In the current study, we found that the incidence of GS involvement in the current cohort is 29.56% (n = 34), and 10.43% (n = 12) for renal involvement. According to a cross-section study conducted in Turkey, clinical manifestations with gastrointestinal symptoms and renal involvement among children with IgA vasculitis appeared in, respectively, 56% and 29.8% of cases.20 Similarly, gastrointestinal symptoms and renal kidney involvement among the children with IgA vasculitis in Poland were found in, respectively, 64.8% and 22.5% of cases.25 In addition, GS involvement was found to be 46.1% in Korea.12 However, according to a retrospective analysis conducted in China, the incidence of GS symptoms and kidney involvement was 28.78% and 13.33%, respectively, among children with IgA vasculitis, which is similar to our study and much lower than in other studies. We postulate the divergence of GS and kidney involvement may relate to racial and regional differences.

Blood cell count-derived inflammatory parameters, including NLR and PLR, are now recognized as novel biomarkers of chronic subclinical inflammation in diabetes mellitus,21 coronary artery disease8 and cancers.22 In this study, we demonstrated that the NLR but not PLR value was significantly increased in children with IgA vasculitis with GS involvement compared to those without GS involvement, which is consistent with the study by Karadağ et al.19 Furthermore, it was reported that elevated NLR and PLR may be relevant markers for predicting GS bleeding23 and renal organ involvement24, 25 in children with IgA vasculitis. However, there was no relationship between NLR and PLR values and renal or GS involvement in the current study. This inconsistency may be due to different degrees of GS and kidney complication among the included participants, which suggests the predictive value of NLR and PLR in children with IgA vasculitis may depend on the severity of the disease, and further extensive multicenter studies are needed to clarify this issue.

The MLR has been demonstrated as a novel hematological parameter in several medical fields. Recently, Suszek et al. demonstrated that MLR is an effective marker of systemic lupus erythematosus activity,26 and its value could also be used to identify disease activity of Takayasu arteritis27 and rheumatoid arthritis.28 Similarly, in the current study, MLR values were higher in children with IgA vasculitis with GS involvement than in those without GS involvement. Interestingly, MLR is the sole risk factor that predicted GS involvement in children with IgA vasculitis children. To our knowledge, this is the first study to reveal the predictive value of MLR in children with IgA vasculitis.

The elevated MLR level may result from increased monocyte counts or decreased lymphocyte counts. Monocytes are an essential source of pro-inflammatory mediators during various kinds of vasculitis.29, 30, 31 It was reported that monocytes were the predominant cell type infiltrating glomeruli in IgA nephritis,31 which indicates the monocyte count may reflect the development of IgA vasculitis. On the other hand, lymphocytes have been shown to play a broader role in modulating the inflammatory response at each phase of the vasculitis, and low lymphocyte count has been associated with IgA vasculitis progression in rat and rabbit models.32 Local activation of the immune system or inflammation can increase lymphocyte apoptosis,33 resulting in lower lymphocyte counts. Therefore, higher monocyte counts and/or lower lymphocyte counts may reflect an active role due to their immunomodulatory, pro-inflammatory effects on vasculitis. Thus, the MLR integrated with monocytes and lymphocytes provided a more reliable index to evaluate IgA vasculitis inflammation than either variable alone.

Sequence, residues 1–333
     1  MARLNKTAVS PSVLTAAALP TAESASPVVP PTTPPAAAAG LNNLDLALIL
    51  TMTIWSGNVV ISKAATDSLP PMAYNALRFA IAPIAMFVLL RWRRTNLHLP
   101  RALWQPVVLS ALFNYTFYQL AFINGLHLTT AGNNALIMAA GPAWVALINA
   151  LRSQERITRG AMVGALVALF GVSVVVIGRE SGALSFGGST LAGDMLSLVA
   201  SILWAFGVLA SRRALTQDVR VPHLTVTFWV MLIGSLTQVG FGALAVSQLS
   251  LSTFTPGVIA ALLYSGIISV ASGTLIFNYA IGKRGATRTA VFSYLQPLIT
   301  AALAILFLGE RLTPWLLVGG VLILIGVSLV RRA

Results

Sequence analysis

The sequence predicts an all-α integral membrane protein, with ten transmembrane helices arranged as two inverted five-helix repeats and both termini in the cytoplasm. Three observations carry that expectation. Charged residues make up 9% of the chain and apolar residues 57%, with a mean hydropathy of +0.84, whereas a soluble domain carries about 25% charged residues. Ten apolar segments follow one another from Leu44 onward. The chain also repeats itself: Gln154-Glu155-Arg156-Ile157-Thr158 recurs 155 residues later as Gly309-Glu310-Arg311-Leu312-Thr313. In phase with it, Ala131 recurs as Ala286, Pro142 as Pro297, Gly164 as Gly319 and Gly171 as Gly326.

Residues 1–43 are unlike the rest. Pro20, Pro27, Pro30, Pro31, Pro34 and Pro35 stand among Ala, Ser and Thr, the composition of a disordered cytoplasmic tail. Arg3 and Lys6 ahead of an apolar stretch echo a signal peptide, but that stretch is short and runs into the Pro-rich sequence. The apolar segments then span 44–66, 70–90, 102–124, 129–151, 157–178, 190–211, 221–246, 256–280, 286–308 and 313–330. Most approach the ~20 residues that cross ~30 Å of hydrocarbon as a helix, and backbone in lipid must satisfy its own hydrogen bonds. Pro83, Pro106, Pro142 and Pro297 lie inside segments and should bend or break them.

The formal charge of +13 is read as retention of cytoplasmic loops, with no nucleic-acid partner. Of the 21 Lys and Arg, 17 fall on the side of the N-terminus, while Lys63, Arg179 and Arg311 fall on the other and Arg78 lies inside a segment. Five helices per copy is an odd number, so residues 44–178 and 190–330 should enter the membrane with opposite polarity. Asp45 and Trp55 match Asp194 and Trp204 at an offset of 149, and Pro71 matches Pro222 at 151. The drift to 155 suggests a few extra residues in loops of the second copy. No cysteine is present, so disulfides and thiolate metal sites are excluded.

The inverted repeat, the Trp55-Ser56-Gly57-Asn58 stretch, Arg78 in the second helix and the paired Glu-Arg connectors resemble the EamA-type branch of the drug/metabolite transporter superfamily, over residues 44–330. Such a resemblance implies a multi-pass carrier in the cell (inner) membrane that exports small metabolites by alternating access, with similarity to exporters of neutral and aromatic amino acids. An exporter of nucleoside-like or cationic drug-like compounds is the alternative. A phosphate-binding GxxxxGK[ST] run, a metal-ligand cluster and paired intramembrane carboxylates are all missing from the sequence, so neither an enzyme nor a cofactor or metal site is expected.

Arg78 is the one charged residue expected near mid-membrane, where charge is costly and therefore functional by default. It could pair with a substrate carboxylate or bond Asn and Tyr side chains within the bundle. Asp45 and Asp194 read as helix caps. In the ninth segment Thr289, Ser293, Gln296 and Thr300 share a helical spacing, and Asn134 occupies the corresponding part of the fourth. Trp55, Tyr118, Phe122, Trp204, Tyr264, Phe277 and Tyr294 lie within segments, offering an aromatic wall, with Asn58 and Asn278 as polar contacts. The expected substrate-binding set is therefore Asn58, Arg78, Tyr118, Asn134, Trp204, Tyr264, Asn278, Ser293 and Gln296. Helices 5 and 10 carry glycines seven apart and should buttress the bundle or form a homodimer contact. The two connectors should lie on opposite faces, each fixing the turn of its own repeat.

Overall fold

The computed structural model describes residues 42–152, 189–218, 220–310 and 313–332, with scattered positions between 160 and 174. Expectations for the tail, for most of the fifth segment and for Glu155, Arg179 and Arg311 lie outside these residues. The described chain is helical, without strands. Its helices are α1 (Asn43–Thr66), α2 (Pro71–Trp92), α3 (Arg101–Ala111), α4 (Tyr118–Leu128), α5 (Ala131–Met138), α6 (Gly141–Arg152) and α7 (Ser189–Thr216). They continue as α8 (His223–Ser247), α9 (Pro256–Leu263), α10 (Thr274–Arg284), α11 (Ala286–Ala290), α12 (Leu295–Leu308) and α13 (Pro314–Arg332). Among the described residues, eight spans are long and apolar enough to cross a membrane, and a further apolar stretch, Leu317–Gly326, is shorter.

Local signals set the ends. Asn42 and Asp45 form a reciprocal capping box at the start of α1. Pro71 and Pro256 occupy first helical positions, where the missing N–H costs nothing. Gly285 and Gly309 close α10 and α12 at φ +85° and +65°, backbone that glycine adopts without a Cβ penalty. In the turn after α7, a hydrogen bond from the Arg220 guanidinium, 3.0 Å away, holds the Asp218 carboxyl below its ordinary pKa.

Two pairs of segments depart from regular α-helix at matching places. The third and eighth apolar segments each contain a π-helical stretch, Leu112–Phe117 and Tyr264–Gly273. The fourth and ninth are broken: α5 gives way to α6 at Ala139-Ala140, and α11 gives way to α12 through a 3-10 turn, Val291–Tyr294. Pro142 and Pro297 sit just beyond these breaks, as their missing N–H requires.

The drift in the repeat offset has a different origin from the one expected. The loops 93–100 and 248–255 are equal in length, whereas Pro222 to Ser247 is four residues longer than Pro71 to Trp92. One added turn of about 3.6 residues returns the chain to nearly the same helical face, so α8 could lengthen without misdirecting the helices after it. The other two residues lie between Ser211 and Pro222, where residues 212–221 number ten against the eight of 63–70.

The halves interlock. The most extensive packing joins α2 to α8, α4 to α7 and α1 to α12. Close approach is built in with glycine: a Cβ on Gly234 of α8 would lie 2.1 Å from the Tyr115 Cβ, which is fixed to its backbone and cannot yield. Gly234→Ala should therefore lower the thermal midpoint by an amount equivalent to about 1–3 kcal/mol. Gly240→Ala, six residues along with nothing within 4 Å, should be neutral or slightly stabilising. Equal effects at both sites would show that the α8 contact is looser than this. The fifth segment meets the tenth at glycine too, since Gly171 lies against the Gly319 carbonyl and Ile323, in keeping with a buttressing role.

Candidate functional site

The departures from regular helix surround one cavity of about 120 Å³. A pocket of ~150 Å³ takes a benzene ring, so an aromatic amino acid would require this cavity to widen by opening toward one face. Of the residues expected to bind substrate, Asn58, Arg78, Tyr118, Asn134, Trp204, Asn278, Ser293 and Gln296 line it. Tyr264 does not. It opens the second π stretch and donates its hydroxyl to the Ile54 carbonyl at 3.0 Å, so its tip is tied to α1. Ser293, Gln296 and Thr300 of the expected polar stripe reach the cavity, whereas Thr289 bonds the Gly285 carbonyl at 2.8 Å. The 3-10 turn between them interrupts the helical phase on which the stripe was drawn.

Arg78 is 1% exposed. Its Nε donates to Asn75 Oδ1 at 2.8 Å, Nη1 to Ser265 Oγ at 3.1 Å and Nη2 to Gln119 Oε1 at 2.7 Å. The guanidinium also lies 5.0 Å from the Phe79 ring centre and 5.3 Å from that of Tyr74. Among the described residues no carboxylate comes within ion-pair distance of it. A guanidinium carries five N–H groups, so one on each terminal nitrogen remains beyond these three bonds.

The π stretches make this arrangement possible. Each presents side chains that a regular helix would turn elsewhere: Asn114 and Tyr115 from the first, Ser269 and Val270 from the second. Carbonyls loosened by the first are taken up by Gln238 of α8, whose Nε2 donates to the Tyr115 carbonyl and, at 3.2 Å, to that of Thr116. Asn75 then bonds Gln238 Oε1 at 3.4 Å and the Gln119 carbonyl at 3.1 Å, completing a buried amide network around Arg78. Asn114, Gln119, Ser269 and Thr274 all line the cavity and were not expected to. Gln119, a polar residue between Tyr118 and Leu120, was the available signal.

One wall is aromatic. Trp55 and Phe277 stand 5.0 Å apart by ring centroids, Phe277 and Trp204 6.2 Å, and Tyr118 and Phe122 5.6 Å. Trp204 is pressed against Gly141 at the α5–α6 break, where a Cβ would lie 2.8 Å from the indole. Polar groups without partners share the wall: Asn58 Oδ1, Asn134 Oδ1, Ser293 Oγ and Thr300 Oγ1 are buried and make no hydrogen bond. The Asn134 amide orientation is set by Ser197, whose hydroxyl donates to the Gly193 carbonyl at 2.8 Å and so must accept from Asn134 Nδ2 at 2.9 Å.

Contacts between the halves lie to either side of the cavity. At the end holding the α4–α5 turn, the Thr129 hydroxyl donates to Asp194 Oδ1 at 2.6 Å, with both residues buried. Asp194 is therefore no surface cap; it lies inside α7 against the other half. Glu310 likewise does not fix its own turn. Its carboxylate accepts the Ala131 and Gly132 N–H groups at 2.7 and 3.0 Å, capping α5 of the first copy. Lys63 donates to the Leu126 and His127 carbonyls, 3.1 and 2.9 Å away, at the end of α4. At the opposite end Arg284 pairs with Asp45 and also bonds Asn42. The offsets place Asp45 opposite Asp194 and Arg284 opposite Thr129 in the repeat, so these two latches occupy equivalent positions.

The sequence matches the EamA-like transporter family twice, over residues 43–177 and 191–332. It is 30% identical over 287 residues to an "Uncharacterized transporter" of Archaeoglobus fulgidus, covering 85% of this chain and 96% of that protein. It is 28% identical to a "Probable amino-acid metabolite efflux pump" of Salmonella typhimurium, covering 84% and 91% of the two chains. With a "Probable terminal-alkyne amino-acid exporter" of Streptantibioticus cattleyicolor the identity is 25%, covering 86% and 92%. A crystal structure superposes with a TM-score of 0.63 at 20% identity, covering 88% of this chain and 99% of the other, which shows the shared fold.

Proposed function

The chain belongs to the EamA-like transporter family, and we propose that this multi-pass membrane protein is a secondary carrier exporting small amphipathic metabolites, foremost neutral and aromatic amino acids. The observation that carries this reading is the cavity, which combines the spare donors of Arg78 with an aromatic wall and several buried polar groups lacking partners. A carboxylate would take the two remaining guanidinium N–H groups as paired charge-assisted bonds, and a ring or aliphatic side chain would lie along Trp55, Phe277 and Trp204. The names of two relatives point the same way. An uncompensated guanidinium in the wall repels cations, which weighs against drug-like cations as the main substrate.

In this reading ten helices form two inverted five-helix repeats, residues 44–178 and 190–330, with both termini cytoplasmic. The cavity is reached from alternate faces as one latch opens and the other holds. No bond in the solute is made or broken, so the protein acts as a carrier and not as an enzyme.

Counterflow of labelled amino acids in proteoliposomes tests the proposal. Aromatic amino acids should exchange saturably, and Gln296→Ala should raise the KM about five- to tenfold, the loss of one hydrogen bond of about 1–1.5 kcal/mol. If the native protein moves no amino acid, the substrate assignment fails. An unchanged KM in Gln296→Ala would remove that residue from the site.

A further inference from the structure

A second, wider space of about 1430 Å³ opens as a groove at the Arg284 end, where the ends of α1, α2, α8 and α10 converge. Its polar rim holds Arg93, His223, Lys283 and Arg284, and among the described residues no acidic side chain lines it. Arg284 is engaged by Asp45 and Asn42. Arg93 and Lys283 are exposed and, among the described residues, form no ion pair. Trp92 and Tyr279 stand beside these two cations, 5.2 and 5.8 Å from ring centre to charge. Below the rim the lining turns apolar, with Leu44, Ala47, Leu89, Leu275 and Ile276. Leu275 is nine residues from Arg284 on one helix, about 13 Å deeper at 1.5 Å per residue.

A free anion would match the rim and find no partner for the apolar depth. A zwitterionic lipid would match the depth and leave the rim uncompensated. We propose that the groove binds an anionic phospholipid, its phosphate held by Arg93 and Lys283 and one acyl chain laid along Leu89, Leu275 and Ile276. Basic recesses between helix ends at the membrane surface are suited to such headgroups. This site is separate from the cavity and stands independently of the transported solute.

This study has some limitations. Firstly, the sample size of this study is not large, and it is a single-center study. Secondly, the predictive value of MLR is probably more reliable than the commonly used laboratory inflammatory indicators CRP and ESR in evaluating GS involvement of IgA vasculitis in the current study; however, the predictive value of blood cell-derived inflammatory parameters cannot be compared with other inflammatory markers, including interleukin (IL)-6 and tumor necrosis factor alpha (TNF-α),34, 35, 36 due to the retrospective design and lack of related data. Another limitation was the lack of dynamic changes in hematological parameters at IgA vasculitis diagnosis and after long-term follow-up, which could provide more information about the relationships between these hematological parameter values and disease course.


This study showed that neutrophil count and NLR and MLR levels were found to be significantly higher in the children with IgA vasculitis with GS involvement, and elevated MLR was an independent risk factor in predicting GS involvement in children with IgA vasculitis. Therefore, monitoring blood MLR values could provide an early indicator to clinicians regarding GS involvement and disease severity in children with IgA vasculitis.


Table 1. Comparison of clinical characteristics and blood cell-derived parameters between children with immunoglobulin A (IgA) vasculitis and healthy children


IgA vasculitis

(n = 115)


(n = 95)

Test statistic


Age [years]

8.29 ±2.59

8.57 ±1.58



Gender (M/F)





WBC [109/L]

9.49 ±3.62

5.91 ±1.24



N [109/L]

6.08 ±3.25

2.93 ±0.97



M [109/L]

0.56 ±0.35

0.3 ±0.11



L [109/L]

2.73 ±1.32

2.52 ±0.54



Hb [g/L]

126.28 ±11.26

128.60 ±7.21



Plt [109/L]

328.06 ±95.94